Monday, March 30, 2009
Sunday, March 29, 2009
The first was in today's paper and is titled "Fighting over Child Support after the Pink Slip Arrives." In it, Julie Bosman reports on the great number of parents--mostly fathers--who are seeking to reduce the amount they pay each month to custodial parents (mostly mothers) in child support. They are seeking these reductions either because they have lost their jobs, changed to lower-paying jobs, or simply anticipate a reduction in income. The individual stories featured are very sobering. Of particular interest to me is one judge's apparent tendency to reduce the amount of child support because he figures a custodial parent is better receiving less--sometimes much less--than nothing at all, which is what might happen if a father becomes homeless, etc.
In the other story, "When the Stork Carries a Pink Slip," Lesley Alderman points out that neither laying off a pregnant woman nor laying off a woman on maternity leave is a violation of federal law. All the employer has to do is articulate some basis for the decision other than the pregnancy or maternity leave. Here's an excerpt from the story:
To be sure, it is illegal to dismiss someone or refuse to hire her specifically because she is pregnant, according to Title VII of the Civil Rights Act of 1964. But few employers are foolish enough to cite pregnancy as the reason for firing or not hiring someone.On the whole, the impact of the economic downturn on women is not a pretty picture.
Tuesday, March 24, 2009
Thursday, March 19, 2009
Increasing numbers of working class women now — in a downturn where 82 percent of the job losses have been among men – have become their family’s sole wage-earners, it’s true. But their husbands, very often, are holding their own at home just fine. For while the stereotype has long been that working class men won’t do “women’s work,” Coontz said, the truth is that in recent years they’ve had a better track record than the most high-income men in sharing domestic duties.I know that will make you want to read more.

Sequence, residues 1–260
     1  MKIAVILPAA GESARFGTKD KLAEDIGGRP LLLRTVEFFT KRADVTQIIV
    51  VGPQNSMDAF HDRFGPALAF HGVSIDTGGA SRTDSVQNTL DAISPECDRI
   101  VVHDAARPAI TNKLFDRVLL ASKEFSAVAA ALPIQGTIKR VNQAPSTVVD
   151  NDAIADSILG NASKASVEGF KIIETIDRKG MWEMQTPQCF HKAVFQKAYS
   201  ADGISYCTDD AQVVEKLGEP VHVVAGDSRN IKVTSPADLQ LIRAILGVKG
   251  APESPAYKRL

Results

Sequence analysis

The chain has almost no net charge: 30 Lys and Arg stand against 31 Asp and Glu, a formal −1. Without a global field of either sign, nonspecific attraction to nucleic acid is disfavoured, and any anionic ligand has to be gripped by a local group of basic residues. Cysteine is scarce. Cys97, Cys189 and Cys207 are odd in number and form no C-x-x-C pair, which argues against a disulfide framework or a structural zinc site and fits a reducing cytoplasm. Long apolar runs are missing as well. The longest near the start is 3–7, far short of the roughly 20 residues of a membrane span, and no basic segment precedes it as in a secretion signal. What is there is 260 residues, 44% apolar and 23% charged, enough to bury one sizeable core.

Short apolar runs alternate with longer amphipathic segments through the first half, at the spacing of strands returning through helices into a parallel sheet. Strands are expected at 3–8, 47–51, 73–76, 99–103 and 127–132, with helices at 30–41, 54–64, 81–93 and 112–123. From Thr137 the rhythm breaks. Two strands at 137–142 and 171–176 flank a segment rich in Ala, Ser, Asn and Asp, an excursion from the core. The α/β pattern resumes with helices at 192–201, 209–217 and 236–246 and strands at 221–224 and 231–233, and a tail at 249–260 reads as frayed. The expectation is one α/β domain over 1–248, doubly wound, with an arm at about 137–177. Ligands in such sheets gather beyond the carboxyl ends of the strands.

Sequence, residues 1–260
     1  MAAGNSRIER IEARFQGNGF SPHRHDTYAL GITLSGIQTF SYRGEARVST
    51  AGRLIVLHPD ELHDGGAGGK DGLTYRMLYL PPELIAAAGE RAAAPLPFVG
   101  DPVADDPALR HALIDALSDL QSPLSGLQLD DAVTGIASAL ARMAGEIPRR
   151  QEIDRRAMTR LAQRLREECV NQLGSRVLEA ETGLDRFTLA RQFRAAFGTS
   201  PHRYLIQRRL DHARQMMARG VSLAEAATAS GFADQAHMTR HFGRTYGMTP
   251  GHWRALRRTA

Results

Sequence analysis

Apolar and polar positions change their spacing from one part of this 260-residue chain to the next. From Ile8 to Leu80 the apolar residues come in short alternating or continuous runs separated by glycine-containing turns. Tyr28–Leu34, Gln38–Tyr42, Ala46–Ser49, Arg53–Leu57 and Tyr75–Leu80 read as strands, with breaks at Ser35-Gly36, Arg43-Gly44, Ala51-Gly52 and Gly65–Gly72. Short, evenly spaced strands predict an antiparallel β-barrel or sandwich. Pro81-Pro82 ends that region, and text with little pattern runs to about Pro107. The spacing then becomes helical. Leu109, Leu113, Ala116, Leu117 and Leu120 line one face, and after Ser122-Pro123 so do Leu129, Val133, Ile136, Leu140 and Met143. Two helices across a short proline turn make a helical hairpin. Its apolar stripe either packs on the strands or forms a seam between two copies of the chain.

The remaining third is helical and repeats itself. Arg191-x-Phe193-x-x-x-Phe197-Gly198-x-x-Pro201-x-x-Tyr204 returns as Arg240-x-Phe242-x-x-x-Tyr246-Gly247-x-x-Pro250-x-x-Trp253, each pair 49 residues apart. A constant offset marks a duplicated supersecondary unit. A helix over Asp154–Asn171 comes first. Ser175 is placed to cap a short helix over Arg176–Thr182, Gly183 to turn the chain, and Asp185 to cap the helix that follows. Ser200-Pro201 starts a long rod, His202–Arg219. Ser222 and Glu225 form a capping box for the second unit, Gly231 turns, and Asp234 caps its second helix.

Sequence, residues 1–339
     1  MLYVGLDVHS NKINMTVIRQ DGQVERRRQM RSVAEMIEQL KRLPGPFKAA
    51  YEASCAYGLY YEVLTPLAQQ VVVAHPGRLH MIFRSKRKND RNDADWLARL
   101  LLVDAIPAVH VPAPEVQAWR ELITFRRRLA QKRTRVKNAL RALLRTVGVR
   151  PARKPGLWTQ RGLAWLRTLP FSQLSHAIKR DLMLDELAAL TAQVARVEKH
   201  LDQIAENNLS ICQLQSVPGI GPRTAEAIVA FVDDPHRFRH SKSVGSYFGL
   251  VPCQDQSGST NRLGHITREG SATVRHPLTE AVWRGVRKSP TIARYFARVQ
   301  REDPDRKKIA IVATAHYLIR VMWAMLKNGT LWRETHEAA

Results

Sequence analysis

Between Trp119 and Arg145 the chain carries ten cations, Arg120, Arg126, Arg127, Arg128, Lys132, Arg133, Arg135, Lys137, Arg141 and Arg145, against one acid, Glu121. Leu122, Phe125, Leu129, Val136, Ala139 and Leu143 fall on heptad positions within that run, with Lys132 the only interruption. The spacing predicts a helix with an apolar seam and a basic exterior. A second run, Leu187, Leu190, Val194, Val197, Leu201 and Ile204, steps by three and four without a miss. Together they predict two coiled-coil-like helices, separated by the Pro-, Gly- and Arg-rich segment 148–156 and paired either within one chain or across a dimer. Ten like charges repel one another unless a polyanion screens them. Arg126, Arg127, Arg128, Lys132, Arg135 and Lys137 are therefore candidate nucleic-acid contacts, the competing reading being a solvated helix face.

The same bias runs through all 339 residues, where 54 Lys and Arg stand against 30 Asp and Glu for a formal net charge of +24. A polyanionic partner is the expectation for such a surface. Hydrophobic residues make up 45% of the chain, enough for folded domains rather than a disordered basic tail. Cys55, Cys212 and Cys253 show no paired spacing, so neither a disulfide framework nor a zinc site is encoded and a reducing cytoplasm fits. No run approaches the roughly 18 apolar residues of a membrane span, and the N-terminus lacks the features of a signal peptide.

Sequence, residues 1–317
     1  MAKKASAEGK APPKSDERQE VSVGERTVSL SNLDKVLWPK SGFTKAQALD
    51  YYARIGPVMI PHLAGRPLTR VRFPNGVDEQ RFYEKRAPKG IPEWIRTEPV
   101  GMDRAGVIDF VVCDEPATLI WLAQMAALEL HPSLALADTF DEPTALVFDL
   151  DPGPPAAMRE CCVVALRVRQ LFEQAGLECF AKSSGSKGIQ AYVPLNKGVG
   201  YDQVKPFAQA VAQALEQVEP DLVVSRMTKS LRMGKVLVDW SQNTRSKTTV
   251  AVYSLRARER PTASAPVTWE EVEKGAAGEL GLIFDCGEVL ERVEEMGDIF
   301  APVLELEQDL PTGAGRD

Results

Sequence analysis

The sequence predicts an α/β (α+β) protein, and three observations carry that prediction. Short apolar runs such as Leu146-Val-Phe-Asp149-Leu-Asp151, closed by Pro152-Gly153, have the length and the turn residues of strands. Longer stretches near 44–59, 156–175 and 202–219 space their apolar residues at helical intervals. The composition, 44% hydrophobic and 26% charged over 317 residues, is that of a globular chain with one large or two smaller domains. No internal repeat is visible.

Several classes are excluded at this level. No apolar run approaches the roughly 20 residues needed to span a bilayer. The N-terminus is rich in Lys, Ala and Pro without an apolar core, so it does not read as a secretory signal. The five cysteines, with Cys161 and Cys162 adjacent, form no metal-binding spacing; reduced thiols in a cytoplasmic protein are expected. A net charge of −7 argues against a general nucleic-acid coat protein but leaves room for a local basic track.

Monday, March 16, 2009
Anyone out there see it differently? Maybe it's some kind of personality typology and I'm missing it?
Wednesday, March 11, 2009
The story features this quote from Karen Finney, who was a deputy press secretary for HRC in the White House and who is now an advisor to Ms. Gillibrand: “Kirsten has inspired the band to get back together ... It’s nice to be working for another great woman from New York.”
Here's an excerpt from deeper in the story, amidst many examples of women supporting Gillibrand:
One Clinton supporter who spoke on the condition of anonymity said:
Ms. Gillibrand’s back-to-back campaigns will also provide an outlet to the energies and enthusiasms of Mrs. Clinton’s ardent grass-roots supporters, especially in feminist circles.
One member of Ms. Gillibrand’s kitchen cabinet, for example, is Ann Lewis, a longtime Clinton confidante and a senior adviser on the presidential campaign. Ms. Lewis recently launched NoLimits.org, a Web site and blog, to allow Mrs. Clinton’s supporters to network and stay in touch.
Hard-core Hillary supporters are fully expecting [HRC] to run again in 2016 ... That is one reality. Kirsten is a more local reality. But for folks in New York, she gives them a focus.
Monday, March 9, 2009
Here's an excerpt:
I love the designer-to-J. Crew glamour. Combined with her workaday visits to soup kitchens, inner-city schools and meetings with military families, Michelle’s flair is our depression’s answer to Ginger Rogers gliding around in feathers and lamé.
Her arms, and her complete confidence in her skin, are a reminder that Americans can do anything if they put their minds to it.I'm purposefully omitting the next sentence, in which Dowd (of course) slams HRC.
Wednesday, March 4, 2009
“Simply put, this is a patriarchal society,” said Manizha Naderi, director of Women for Afghan Women, one of four organizations that run shelters in Afghanistan. “Women are the property of men.”
* * *Women’s shelters have been criticized as a foreign intrusion in Afghan society, where familial and community problems have traditionally been resolved through the mediation of tribal leaders and councils.